Identifying key players in Colon Cancer Cell Differentiation
Aberrant activation of some pathways can create hierarchically organized tumour tissues where a subpopulation of self-renewing cancer stem cells sustain the long-term clonal maintenance of the neoplasm. These cells have proven to be resistant to conventional therapy and to be responsible for tumour relapse. Our objective is to target these cells based on their stem-like properties and thereby identify efficient approaches for cancer therapies to improve patient survival. I have recently described that differentiating cancer stem cells inhibits colorectal cancer progression (Ordóñez-Morán et al., 2015). Thus, our student will study the key players which govern the balance between stem cell maintenance and differentiation in colon cancer. To this end, we will use a modified yeast two hybrid system, mouse models, clinical association analyses, high-throughput approaches, single cell technologies, patient-derived material and 3D organoids. The practical goals of our research are to understand how cell fates can be manipulated for inducing cancer cell differentiation. Our results will help to increase patient’s response to treatment with target-directed therapy.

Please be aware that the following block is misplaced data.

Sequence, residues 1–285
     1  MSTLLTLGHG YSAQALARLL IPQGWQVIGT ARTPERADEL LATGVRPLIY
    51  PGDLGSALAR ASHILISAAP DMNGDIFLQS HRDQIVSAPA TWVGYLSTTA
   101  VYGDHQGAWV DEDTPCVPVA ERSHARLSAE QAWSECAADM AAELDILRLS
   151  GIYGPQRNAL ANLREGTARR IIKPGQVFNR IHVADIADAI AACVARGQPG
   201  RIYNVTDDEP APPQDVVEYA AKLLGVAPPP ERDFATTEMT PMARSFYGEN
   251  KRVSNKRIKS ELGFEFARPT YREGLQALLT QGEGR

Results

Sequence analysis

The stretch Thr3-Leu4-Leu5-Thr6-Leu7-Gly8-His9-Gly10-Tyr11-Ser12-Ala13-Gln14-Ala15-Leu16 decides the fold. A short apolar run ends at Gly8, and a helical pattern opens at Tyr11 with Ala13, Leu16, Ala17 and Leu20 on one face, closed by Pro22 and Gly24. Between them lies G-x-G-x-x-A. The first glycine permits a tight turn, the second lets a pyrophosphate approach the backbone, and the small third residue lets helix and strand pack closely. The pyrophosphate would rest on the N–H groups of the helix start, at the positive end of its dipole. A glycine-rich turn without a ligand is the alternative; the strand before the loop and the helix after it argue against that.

Industry partner Carmen Pin, AstraZeneca
The studentships will commence in October 2020, and a stipend (£15,009 for 2019/20) and fee waiver for 3.5 years is available for UK applicants, plus research training support grant, travel and laptop allowance.
Fully funded studentships are available for UK applicants. EU applicants able to confirm that they have been resident in the UK for at least three years before October 2020 may also be eligible for a full award. EU students who are not able to prove that they meet the residency criteria may apply for a fees only award.
Interviews take place week commencing 17 February 2020.